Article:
Medical staff, however, felt that their role was mainly in making discharge decisions and deciding the level of care required from a medical point of view. Their concern was governed by Social Service Department financial considerations. They talked of their concern with patients who were waiting to come into hospital, which had to over-ride their concern with those who had received treatment and who had no further need of acute care. When asked about providing support for older people moving into a care home they reported that they expected that social workers and nurses would provide the necessary support and advice to patients. This was partly because they felt that it priority- but also because of the way in which their time was managed and their contact with patients was organised. As one doctor put it:
We see people on a round or at appointments and then we go away. Once we have told them where they are going to go, we disappear, and if they want to think about it late or discuss it after they have had a think about it, we were not there, but the nurses and social workers are more around.
Conclusion and Recommendations
This research suggests that the apparent stoicism of older people moving into a care home can mask feelings of loss and anxiety. If nursing staff wish to support older people through this transitional process, then they may have to be proactive in initiating discussions rather than waiting for older people to do so. Such an approach, however, must be carefully negotiated with older people- some may not wish to discuss their feelings when offered the opportunity to do so. Such discussions will need to be informed, and there is a need for nurses in hospitals to learn more about the care home setting, and to reflect on some of the assumptions that they may make about the independent sector. Understanding how care homes work may help nurses to encourage older people to think of themselves as people with choices, and working through their personal preferences for activities and lifestyles may well encourage this. We would suggest, therefore, that attention is paid to ways in which nurses can learn more about the care homes, and how they can encourage older people to make active decisions about their move.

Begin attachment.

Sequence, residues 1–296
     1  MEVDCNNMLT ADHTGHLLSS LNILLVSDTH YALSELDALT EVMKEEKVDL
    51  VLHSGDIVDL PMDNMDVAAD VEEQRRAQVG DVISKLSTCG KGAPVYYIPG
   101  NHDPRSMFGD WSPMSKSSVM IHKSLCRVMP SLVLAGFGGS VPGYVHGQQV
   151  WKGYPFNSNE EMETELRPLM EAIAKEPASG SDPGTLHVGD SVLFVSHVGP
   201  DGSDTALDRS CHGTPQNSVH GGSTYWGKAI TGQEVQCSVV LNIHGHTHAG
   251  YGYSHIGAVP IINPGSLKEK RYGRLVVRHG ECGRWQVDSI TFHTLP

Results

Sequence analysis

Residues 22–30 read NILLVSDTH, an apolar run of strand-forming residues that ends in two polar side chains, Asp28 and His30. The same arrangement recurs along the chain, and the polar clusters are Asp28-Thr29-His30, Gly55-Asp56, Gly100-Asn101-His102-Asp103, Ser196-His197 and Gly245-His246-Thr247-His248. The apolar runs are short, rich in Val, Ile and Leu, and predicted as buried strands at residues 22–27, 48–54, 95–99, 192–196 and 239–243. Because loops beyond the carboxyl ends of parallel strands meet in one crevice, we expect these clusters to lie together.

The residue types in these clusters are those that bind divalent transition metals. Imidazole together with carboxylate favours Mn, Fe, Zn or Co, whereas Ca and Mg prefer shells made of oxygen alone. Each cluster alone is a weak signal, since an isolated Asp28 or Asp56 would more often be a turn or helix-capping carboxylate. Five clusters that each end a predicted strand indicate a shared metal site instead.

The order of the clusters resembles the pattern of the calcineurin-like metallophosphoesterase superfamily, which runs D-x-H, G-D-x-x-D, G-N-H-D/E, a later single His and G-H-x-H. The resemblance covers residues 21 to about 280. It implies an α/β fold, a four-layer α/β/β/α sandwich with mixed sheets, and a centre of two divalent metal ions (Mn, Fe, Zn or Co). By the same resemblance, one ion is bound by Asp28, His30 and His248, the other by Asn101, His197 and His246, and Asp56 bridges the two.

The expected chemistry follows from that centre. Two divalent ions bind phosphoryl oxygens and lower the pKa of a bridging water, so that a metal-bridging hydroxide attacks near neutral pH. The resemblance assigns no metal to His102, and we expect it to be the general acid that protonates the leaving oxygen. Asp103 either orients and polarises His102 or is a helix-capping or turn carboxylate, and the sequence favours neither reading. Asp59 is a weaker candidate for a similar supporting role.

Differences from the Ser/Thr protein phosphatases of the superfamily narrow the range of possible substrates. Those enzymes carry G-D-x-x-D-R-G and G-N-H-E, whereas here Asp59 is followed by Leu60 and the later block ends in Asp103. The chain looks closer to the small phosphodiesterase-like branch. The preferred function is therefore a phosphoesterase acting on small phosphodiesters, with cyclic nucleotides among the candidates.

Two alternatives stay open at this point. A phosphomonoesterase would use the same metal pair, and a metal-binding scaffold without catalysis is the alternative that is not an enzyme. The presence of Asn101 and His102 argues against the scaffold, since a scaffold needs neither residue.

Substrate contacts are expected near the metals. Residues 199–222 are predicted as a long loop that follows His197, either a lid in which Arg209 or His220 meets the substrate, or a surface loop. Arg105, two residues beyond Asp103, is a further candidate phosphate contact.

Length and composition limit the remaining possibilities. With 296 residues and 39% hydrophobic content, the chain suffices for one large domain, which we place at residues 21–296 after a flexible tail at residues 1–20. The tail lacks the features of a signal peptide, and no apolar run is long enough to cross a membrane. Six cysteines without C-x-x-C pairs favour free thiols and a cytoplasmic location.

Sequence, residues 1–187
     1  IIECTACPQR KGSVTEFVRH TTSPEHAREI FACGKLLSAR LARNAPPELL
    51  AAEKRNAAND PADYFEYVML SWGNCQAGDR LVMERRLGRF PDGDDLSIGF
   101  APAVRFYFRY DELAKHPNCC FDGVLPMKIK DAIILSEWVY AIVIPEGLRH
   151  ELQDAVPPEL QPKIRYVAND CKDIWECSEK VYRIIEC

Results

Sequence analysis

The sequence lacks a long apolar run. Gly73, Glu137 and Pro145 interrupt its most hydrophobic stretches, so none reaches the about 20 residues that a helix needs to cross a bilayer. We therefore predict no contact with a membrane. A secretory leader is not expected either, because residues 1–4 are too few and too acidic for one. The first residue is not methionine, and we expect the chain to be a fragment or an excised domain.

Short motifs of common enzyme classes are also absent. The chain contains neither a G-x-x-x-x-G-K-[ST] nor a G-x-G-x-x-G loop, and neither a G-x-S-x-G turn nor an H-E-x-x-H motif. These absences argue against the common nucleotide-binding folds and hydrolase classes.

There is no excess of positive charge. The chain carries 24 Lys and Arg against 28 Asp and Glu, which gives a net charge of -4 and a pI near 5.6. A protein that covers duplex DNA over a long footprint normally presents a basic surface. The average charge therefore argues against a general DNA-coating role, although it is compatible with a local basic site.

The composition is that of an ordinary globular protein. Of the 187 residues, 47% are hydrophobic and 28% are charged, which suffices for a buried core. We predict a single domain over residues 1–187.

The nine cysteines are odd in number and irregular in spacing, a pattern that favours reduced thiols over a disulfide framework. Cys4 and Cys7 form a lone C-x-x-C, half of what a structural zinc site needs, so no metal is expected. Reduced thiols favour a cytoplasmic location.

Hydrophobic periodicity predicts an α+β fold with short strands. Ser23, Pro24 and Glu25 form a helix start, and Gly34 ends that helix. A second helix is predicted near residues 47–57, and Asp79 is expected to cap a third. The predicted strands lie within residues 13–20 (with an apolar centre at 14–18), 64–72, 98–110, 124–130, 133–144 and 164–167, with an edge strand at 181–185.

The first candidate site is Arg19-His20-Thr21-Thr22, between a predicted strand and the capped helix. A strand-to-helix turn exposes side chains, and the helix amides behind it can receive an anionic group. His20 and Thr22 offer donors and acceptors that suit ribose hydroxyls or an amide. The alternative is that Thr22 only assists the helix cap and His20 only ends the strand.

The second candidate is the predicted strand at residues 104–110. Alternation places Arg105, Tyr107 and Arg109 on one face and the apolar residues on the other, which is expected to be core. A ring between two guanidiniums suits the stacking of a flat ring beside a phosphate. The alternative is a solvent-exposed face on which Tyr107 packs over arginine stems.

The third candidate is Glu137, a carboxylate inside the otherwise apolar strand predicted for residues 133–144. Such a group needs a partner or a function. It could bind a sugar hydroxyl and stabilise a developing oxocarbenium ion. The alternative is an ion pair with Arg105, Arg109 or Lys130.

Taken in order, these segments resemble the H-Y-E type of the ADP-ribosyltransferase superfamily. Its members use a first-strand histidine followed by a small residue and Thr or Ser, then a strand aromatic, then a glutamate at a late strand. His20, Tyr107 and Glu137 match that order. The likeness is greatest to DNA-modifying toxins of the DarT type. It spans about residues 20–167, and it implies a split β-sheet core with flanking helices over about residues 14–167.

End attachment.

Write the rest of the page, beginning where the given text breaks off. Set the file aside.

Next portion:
This will need to be based on a systematic approach, such as formal assessment and review procedures, rather than rely on ad hoc initiatives. Developing a formal assessment schedule which is written with patients and which focuses on life styles preferences may go some way towards supporting older people in exercising and expressing preferences, and if this were to accompany them to the care home it would provide valuable information for staff there. An extension of this study would involve the development of such a schedule.
In addition, the data suggest that there is some confusion between nursing staff, medical staff and social workers about who is responsible for which aspects of the discharge procedure, with each professional group assuming that another has chief responsibility or input. For the future development of discharge processes, multidisciplinary teams need to clarify exactly what responsibilities each group has , and ensure that contact with older people is documented to reflect this. As Penhale (1997) has argued, multidisciplinary working in discharge planning is fraught with problems which arise from different goals for practice, and different form of organisational power across professional groups, but such negotiations is essential if older people are to be given the support that they need at a time of great change and potential stress in their lives.